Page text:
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Luisella Verotta, master degree in chemistry, is a senior assistant professor of organic chemistry and adjunct professor of natural products chemistry at the University of Milan, Italy. Verotta is a member of the Faculty of Science and Technology teaching staff. Her main research studies are in the realm of bioactive natural products, aimed at obtaining lead compounds for the development of new therapeutic agents, particularly noncytotoxic chemopreventive agents and antimalarial compounds. She has pursued parallel lines of investigations, such as the synthesis of compounds of pharmaceutical relevance based on natural scaffolds, the study of their medicinal chemistry, and the mechanism of activity. Recent researches are based on the synthesis of new entities inspired by natural products to produce new functional biomaterials for biomedical and food applications or as nutraceuticals. She has been a visiting scientist in many Third World countries, introducing young researchers to the phytochemical study of medicinal plants. She is an extramural phytochemical expert for the Centre for Orientative Education (COE), an Italian NGO that fosters and supports projects in Third world countries (TWC) for the sustainable use of natural resources. She has authored and coauthored more than 110 research papers (including full papers, book chapters, patents) and more than 110 communications to congresses, including poster presentations, oral communications, and invited and plenary lectures. She holds research contracts with several companies interested in the discovery of new bioactive natural products and acts as a reviewer of several international scientific journals. She is a member of the editorial board of Fitoterapia (Elsevier). For CRC Press/Taylor & Francis Group, she coedited Herbal Principles in Cosmetics: Properties and Mechanisms of Action in 2010.

Maria Pia Macchi is an anthropologist member of the International Society of Ethnobiology. After a few years of field work in the Amazon of Ecuador and an academic collaboration with Padua University Human Ecology Workshop, she focused her interest on Indian traditional systems of medicine. During frequent visits to India and Nepal, she took part in different trainings, congresses, and workshops on Ayurveda and Siddha medicine, developing her interest in the traditional use of medicinal plants and food integrators. In 1997, she founded an ethnobotanical garden in the Western Ghats of Tamil Nadu with the objective to actively involve local communities in the conservation and enhancement of knowledge related to local health traditions. Since 2003, she has been the president of the nonprofit organization Magia Verde, Italy, and supports a pilot project on traditional medicine revitalization in Tamil Nadu in partnership with Vivekananda Kendra. She took part in various projects and awareness campaigns focused on environmental conservation, nutrition, and integration between different systems of medicine, promoted by two Italian NGOs, Cooperation for the Development of Emerging Countries (COSPE) and COE. She also has a long-term collaboration with the Agency for Environmental Protection at Riva del Garda in the ethnobotany section.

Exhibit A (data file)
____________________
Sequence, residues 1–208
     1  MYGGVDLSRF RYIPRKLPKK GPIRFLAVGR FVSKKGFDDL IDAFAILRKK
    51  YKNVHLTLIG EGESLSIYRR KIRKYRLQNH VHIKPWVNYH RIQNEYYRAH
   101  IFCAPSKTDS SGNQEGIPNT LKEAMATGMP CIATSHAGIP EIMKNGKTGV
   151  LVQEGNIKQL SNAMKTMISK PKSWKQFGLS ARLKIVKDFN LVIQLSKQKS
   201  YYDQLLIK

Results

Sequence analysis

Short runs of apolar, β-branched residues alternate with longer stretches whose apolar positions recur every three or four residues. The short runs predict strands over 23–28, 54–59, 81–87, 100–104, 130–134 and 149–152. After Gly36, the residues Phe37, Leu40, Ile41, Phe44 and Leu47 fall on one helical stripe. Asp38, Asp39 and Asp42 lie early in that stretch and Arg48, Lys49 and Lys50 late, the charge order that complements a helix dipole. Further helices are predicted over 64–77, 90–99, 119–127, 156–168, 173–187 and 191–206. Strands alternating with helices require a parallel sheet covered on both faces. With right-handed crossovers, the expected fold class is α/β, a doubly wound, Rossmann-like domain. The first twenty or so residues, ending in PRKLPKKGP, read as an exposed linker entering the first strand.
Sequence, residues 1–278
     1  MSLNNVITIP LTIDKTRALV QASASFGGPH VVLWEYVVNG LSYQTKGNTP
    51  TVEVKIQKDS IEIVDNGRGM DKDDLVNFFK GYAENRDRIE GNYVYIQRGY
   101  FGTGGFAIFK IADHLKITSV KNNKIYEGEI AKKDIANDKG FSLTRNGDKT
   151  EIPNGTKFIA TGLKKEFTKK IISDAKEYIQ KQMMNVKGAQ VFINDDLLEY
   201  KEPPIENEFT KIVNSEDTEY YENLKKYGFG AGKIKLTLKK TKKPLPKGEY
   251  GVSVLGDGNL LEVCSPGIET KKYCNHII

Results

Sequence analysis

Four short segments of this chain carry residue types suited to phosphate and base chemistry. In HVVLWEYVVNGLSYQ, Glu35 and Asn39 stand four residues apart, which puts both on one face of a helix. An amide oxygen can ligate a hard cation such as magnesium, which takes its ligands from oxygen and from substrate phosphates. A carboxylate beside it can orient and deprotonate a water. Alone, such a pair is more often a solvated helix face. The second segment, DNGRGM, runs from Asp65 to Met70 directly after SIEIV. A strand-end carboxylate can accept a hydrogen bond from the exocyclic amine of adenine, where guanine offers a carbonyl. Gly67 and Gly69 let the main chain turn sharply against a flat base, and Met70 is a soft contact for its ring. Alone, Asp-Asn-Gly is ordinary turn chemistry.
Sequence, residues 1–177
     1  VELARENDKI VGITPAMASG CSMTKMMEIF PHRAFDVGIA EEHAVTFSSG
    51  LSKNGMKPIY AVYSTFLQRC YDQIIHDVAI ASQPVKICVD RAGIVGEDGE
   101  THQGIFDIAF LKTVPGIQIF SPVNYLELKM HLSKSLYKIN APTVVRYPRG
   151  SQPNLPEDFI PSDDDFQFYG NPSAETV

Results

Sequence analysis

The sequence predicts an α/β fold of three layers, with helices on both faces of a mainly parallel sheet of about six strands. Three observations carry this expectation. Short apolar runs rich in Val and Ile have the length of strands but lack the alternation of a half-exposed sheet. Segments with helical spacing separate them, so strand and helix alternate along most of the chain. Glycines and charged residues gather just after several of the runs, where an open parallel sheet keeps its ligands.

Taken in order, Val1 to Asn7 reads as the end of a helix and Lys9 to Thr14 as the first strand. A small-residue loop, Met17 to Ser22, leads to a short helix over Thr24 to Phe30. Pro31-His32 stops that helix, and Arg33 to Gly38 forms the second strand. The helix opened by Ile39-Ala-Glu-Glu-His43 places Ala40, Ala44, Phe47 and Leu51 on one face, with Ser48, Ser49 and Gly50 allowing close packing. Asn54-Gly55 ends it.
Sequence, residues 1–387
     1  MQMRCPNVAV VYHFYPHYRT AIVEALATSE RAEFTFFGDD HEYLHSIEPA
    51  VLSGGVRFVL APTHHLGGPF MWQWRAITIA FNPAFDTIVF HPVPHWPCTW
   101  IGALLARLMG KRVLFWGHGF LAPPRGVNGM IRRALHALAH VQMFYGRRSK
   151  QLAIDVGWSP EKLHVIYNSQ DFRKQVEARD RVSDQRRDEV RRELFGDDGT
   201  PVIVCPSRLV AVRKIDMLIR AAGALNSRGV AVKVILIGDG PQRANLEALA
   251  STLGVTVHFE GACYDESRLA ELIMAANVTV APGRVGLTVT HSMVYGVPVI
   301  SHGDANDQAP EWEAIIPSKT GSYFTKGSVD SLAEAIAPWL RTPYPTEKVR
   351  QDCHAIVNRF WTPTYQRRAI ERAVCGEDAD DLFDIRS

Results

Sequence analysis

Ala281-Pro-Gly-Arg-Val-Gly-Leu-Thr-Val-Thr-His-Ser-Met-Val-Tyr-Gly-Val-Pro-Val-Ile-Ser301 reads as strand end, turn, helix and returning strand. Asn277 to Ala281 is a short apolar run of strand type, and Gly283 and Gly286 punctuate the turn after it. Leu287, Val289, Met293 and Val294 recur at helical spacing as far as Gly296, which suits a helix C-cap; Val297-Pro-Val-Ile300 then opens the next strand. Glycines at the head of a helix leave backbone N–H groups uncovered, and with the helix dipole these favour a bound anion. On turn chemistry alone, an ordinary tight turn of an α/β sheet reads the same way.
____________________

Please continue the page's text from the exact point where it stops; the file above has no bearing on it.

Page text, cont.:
Padma Venkatasubramanian holds a master’s degree in health management from McGill University, Montreal, Québec, Canada, and a doctorate in microbial biochemistry from the University of Cambridge, England. She is a professor at the School of Life Sciences, Institute of Trans-disciplinary Health Sciences and Technology, Bangalore, India. She was the director of the Institute of Ayurveda and Integrative Medicine, Bangalore. Her main research studies are of a transdisciplinary nature, aimed at bridging traditional Indian medical knowledge and modern science. The areas of her interest are to understand the concepts in Ayurveda and use them to develop cost-effective, contemporary applications. She has demonstrated how certain rasayana herbs can be used at the household level to promote wellness and manage anemia. Based on the traditional practice of storing drinking water in copper pots, she has designed and developed a copper device that kills diarrheagenic pathogens in drinking water. This is a potential low-cost, point-of-use intervention to prevent diarrheal deaths globally. The other area of her research is to scientifically demonstrate the importance of traditional ways of identification, collection, processing, and storage of medicinal plants. This contributes to resource management and sustainable harvesting that is important for conservationists as well as for the industry. She has a patent on a field diagnostic kit to authenticate medicinal plants and semiquantify phytochemical markers. She has several research publications to her credit and delivered invited lectures at several national and international conferences. She guides PhD scholars and college students on research projects. Her engagement with the industry as a consultant has led to the development of more than 20 herbal products based on traditional knowledge. She is on the scientific advisory board of several government and nongovernment bodies.